This is precisely the struggle they have always had on their hands dating back to their founder, the monstrous Nazi-phile Margaret Sanger, and they certainly managed to avoid an “address it or face extinction” situation before. Now, as the Wall Street Journal’s James Taranto describes, there doesn’t appear to be any means of going back. Gosnell is now part of the discussion. Specifically, he is part of the discussion as follows: Gosnell killed live babies, but what he did to them inside the womb was indistinguishable to what he did to them outside the womb. New challenges to the pro-choice movement will involve this fact, one which leads inevitably, and immediately, to issues of reason.

And those issues appear insurmountable. Here's why.

The act that occurred outside the womb is not just easily definable as a crime, it is easily understood as a crime. In a state of nature, sans government, intentionally killing a live baby is still aberrant because it is hard-coded -- somewhere in those hated base pairs, Ms. Steinem, we’ll find it there eventually -- that mentally stable humans wish to live. Even babies too young to fathom their own existence: note they are composed of elements designed for survival in their habitat, like limbs and lungs, so just like every other species, they were born to survive. Note that the nervous system is in on it, too -- newborns avoid discomfort and pain, and do not attempt to kill themselves.

So: we say things like “inalienable right to life” not because it sounds like a lovely "mission statement," but because we discovered it was true.

To define one act as murder and the other as … well, as nothing at all particularly, just as an action, the burden of proof is on the pro-choice movement to offer evidence that some change occurred during birth that properly defines the difference between life and not life.

They have the burden, and not the pro-life movement, because the rights of the live baby are easily understood and apparent. Even if the status of the unborn baby is proven to be “unknowable,” the pro-life movement still has no burden because they aren’t the ones interested in doing anything. The pro-choice movement is the side trying to do something: namely, abort. If you want to perform an action, that action must be legal -- as in sans government, “state of nature” legal.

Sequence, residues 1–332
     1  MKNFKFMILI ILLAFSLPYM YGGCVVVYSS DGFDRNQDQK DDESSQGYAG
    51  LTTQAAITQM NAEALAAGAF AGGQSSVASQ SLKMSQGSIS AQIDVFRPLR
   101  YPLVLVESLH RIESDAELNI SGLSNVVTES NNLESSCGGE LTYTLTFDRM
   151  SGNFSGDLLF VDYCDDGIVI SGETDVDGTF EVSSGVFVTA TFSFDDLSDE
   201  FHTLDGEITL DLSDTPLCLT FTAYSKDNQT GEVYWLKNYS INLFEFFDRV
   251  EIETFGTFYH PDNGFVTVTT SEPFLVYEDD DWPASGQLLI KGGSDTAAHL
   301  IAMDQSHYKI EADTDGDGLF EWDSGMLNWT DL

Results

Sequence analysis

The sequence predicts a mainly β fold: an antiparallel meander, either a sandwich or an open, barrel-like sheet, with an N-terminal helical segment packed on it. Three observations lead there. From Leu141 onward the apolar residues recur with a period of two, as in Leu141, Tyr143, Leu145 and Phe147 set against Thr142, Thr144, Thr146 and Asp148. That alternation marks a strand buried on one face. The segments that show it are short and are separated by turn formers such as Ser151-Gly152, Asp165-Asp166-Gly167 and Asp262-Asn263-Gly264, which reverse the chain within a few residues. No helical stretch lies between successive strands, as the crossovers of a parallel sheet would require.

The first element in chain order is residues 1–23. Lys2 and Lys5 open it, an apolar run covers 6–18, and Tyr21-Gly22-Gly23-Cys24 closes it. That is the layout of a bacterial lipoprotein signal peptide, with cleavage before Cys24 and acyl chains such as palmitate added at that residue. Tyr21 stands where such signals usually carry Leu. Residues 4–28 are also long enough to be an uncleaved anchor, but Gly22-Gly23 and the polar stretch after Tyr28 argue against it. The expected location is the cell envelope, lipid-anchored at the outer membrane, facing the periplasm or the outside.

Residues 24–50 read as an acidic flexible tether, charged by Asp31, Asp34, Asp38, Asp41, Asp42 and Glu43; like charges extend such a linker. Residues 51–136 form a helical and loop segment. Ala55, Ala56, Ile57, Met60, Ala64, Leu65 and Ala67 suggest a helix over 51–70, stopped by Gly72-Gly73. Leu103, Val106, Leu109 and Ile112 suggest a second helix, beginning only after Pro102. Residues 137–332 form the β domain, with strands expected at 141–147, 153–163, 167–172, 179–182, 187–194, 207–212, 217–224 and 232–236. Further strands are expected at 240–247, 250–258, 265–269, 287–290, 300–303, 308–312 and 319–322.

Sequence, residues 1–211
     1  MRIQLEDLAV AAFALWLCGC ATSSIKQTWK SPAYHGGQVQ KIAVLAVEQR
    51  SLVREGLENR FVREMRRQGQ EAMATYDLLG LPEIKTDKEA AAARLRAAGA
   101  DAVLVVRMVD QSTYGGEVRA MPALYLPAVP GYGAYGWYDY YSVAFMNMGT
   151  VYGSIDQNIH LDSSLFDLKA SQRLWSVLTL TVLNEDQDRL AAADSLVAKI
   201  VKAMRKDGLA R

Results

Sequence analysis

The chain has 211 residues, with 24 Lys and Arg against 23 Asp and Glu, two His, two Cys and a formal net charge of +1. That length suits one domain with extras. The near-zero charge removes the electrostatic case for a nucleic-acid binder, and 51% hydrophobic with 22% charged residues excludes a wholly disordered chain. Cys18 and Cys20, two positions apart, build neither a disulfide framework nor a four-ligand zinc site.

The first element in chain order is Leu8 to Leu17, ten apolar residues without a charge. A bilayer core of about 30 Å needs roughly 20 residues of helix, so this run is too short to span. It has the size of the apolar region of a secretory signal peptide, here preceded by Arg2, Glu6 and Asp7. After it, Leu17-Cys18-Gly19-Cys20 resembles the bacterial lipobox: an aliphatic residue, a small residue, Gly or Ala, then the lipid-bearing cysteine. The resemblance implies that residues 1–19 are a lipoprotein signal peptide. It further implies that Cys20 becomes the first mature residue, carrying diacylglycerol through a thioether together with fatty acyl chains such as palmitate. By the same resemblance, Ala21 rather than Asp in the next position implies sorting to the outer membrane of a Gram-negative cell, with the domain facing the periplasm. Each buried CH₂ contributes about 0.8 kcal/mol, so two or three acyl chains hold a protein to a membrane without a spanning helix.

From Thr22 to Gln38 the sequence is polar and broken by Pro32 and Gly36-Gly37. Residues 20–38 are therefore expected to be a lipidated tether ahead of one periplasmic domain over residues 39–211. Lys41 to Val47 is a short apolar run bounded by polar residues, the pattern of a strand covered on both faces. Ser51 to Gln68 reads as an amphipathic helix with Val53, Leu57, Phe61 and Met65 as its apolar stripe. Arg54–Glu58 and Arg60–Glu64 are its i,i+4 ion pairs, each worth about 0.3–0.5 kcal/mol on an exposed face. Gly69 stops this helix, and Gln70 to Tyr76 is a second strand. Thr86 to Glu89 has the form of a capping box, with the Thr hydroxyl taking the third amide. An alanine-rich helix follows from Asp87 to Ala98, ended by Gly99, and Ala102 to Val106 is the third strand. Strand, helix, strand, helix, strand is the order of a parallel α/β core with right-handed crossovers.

How has Gosnell changed the discourse? Irrelevant, manmade concepts such as “viability,” “wanted vs. unwanted,” “woman’s right to choose,” etc., now have been widely revealed and understood as “running away from reason” topics -- which they logically must be. And so, for the first time, the pro-choice movement is being pressed to answer a question that logically has something to do with … abortion.

Here’s that question:

Is there any proof -- or even evidence -- that the passage through the birth canal transforms the unborn from something not in possession of an inalienable right to life to someone who does possess it? Manmade laws are irrelevant here: in the state of nature, does this transformation actually occur?


If the pro-choice crowd is in possession of this proof, they have been holding their cards for quite a while. As it stands, mankind is unable to prove a transformation occurs.

Bigger uh-oh: logically, this lack of proof does not simply criminalize late-term abortion. If the full-term unborn baby can not be proven bereft of the right to life, the pro-choice crowd then bears the burden of retracing the pregnancy -- second by second -- to find the moment when Nature bestows that right.

The reasoned, logical, unassailable truth -- my emotions, Gloria Steinem’s emotions, Kermit Gosnell’s emotions being objectively irrelevant -- is that no proof of this transformation can be identified tracing back to conception, therefore it occurs at conception.

Am I pro-life? Does Gloria Steinem believe in legal abortion in all circumstances? Enough already: our opinions on food and movies would be precisely as relevant.

After Gosnell, the intellectually honest and inquisitive must accept that abortion necessarily involves the taking of life, which means pro-abortion arguments must necessarily collapse upon themselves and disappear. Of course, intellectual honesty is not a requirement, but a choice.